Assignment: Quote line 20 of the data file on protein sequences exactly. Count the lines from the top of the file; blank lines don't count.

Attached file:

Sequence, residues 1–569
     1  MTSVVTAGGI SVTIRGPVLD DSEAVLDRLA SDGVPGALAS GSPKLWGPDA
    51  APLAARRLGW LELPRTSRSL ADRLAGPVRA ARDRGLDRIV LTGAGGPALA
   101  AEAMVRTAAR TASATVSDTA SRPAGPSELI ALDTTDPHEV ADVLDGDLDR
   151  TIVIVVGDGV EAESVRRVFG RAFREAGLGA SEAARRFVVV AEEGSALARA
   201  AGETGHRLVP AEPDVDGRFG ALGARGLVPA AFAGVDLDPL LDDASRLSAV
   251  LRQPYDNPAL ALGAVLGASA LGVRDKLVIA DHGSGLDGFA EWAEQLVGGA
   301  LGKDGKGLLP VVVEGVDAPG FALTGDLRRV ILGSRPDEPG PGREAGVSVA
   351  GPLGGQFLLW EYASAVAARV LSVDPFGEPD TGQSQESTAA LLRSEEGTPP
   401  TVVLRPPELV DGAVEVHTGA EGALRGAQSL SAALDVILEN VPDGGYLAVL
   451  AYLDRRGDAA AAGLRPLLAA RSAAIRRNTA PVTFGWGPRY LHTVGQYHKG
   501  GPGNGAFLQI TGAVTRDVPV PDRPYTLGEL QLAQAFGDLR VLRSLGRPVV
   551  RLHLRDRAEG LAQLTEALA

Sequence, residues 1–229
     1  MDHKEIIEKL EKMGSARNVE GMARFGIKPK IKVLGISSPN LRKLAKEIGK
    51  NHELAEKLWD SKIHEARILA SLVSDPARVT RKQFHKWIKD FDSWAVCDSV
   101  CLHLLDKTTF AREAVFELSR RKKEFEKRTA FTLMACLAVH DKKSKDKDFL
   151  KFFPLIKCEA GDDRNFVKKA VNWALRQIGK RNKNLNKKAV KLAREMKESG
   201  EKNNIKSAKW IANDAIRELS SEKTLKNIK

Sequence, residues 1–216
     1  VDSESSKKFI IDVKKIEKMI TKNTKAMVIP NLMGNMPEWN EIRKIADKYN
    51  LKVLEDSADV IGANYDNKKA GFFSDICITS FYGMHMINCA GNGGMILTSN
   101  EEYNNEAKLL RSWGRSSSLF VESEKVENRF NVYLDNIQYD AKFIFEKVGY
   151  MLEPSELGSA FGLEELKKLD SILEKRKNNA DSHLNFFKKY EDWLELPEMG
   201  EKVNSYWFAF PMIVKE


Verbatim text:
Sequence, residues 1–216